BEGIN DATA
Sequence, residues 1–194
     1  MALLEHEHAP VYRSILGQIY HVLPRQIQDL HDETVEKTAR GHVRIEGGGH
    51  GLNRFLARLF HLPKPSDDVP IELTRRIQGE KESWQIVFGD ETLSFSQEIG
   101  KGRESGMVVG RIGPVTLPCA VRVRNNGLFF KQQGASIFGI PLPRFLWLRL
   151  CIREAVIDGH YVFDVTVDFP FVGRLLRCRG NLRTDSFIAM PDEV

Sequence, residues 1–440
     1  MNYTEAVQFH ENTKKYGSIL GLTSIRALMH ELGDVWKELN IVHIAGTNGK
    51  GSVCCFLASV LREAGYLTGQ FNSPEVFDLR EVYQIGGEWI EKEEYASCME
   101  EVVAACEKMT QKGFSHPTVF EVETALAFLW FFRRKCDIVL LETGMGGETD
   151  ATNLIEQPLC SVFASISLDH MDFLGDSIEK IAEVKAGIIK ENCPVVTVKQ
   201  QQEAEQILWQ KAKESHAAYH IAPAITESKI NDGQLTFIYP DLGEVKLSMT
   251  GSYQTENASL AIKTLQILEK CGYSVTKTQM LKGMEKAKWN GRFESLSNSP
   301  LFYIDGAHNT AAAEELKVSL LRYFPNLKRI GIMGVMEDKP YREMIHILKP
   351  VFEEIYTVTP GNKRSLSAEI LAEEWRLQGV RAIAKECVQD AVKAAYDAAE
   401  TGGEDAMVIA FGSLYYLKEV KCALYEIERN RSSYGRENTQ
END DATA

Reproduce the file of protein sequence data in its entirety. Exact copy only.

Sequence, residues 1–194
     1  MALLEHEHAP VYRSILGQIY HVLPRQIQDL HDETVEKTAR GHVRIEGGGH
    51  GLNRFLARLF HLPKPSDDVP IELTRRIQGE KESWQIVFGD ETLSFSQEIG
   101  KGRESGMVVG RIGPVTLPCA VRVRNNGLFF KQQGASIFGI PLPRFLWLRL
   151  CIREAVIDGH YVFDVTVDFP FVGRLLRCRG NLRTDSFIAM PDEV

Sequence, residues 1–440
     1  MNYTEAVQFH ENTKKYGSIL GLTSIRALMH ELGDVWKELN IVHIAGTNGK
    51  GSVCCFLASV LREAGYLTGQ FNSPEVFDLR EVYQIGGEWI EKEEYASCME
   101  EVVAACEKMT QKGFSHPTVF EVETALAFLW FFRRKCDIVL LETGMGGETD
   151  ATNLIEQPLC SVFASISLDH MDFLGDSIEK IAEVKAGIIK ENCPVVTVKQ
   201  QQEAEQILWQ KAKESHAAYH IAPAITESKI NDGQLTFIYP DLGEVKLSMT
   251  GSYQTENASL AIKTLQILEK CGYSVTKTQM LKGMEKAKWN GRFESLSNSP
   301  LFYIDGAHNT AAAEELKVSL LRYFPNLKRI GIMGVMEDKP YREMIHILKP
   351  VFEEIYTVTP GNKRSLSAEI LAEEWRLQGV RAIAKECVQD AVKAAYDAAE
   401  TGGEDAMVIA FGSLYYLKEV KCALYEIERN RSSYGRENTQ